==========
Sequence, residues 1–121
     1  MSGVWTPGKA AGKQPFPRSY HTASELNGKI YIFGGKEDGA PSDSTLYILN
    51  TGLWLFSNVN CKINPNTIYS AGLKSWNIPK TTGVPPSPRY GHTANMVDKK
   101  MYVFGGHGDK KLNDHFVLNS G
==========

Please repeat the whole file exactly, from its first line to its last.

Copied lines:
Sequence, residues 1–121
     1  MSGVWTPGKA AGKQPFPRSY HTASELNGKI YIFGGKEDGA PSDSTLYILN
    51  TGLWLFSNVN CKINPNTIYS AGLKSWNIPK TTGVPPSPRY GHTANMVDKK
   101  MYVFGGHGDK KLNDHFVLNS G